Emanuel Swedenborg (SWEED-uhn-bawrg) was born Emanuel Swedberg at Stockholm on January 29, 1688. His father was Dr. Jesper Swedberg, professor of theology at the University of Uppsala and Bishop of Skara who, raised to the rank of the nobility for services to the Swedish crown, later changed his name to Swedenborg. By Swedenborg’s own account, his childhood was unusual in that he spent much time in spiritual thought and in conversation with clergymen on matters of faith. He attended the University of Uppsala, taking his degree in 1709. He then traveled in England, Holland, France, and Germany before returning to Sweden in 1715. During his travels he studied wherever he went, and upon his return he entered Uppsala once again to study science and engineering. In 1716, Charles XII of Sweden, who had become a friend and admirer of Swedenborg, appointed him assessor on the Swedish board of mines, a post Swedenborg filled until 1747 (with some opposition between 1718 and 1723) and for which he received a salary for the rest of his life.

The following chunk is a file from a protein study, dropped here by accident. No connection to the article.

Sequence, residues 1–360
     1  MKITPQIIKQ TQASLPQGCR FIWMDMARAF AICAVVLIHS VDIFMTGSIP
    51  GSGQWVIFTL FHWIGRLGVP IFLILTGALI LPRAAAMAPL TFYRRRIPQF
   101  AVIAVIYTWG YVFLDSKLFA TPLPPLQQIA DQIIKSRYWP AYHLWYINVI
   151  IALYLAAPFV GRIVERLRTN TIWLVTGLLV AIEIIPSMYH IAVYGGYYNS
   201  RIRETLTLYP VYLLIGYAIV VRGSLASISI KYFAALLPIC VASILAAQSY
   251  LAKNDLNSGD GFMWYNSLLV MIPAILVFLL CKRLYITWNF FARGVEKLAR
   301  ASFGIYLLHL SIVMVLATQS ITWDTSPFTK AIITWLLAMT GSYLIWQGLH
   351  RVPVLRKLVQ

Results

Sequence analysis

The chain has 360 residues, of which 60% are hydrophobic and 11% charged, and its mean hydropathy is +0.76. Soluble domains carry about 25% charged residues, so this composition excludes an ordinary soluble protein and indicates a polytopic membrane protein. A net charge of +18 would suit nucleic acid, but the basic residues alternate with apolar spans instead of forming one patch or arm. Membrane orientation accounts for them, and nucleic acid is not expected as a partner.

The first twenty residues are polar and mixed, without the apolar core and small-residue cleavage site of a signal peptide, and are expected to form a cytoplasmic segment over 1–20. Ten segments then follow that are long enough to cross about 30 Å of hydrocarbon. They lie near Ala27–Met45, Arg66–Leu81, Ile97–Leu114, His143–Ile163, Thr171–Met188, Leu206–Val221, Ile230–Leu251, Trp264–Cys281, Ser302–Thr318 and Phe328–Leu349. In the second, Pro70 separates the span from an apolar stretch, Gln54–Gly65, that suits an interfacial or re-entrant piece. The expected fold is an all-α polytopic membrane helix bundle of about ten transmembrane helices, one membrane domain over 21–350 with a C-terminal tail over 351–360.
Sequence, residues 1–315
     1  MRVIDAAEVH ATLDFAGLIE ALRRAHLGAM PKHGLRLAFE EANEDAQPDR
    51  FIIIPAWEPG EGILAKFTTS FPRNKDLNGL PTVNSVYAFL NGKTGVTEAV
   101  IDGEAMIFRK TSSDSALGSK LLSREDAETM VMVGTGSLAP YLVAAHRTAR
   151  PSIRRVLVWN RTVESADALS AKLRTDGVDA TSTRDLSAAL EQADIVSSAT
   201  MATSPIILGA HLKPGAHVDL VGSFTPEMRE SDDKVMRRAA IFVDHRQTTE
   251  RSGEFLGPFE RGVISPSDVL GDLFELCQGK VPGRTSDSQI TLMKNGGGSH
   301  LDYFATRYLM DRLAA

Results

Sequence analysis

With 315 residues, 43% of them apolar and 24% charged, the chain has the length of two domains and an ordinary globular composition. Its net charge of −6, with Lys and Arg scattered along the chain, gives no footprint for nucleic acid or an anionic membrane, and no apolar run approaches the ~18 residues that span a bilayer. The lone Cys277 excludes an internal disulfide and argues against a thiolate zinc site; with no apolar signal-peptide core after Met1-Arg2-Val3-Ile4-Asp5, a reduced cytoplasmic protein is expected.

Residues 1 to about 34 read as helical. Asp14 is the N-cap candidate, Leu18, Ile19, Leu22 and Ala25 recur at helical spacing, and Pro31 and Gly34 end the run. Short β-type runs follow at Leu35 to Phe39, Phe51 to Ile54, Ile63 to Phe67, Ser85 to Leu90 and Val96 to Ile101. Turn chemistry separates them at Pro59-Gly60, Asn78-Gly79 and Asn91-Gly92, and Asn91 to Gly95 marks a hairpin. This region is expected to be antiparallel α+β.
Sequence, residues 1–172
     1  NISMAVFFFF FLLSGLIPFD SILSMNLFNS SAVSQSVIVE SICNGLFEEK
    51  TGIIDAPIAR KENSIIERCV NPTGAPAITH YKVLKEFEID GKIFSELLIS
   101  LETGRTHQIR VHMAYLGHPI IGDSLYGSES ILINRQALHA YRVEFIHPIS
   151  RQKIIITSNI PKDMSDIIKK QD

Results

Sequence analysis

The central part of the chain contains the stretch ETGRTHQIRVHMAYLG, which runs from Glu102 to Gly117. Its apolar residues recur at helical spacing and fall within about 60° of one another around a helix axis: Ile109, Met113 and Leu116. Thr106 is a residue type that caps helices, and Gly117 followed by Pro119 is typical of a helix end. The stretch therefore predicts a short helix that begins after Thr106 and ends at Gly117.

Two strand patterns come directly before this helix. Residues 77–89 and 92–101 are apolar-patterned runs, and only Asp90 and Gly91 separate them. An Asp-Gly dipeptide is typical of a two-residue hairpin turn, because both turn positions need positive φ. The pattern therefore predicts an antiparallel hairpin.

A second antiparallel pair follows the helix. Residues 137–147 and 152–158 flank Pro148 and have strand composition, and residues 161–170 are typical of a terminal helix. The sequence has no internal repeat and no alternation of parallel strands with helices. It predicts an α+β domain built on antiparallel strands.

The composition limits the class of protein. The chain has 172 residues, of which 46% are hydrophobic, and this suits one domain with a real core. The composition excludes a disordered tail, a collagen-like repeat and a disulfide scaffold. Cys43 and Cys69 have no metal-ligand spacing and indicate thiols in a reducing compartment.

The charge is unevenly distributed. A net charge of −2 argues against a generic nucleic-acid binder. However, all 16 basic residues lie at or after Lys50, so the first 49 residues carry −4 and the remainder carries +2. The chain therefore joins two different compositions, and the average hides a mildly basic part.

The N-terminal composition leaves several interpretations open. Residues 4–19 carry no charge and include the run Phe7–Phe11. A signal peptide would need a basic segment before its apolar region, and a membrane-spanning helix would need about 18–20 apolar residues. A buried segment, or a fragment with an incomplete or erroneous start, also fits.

By 1720 Swedenborg had published a volume of Latin verse and more than twenty treatises on scientific and mechanical subjects. The scientific works before 1721 were largely in Swedish, but the later writings, regardless of subject, were written in Latin and were mostly published outside Sweden. His first major work in philosophy and theology was the Principia, which was one volume in the three-volume Opera...
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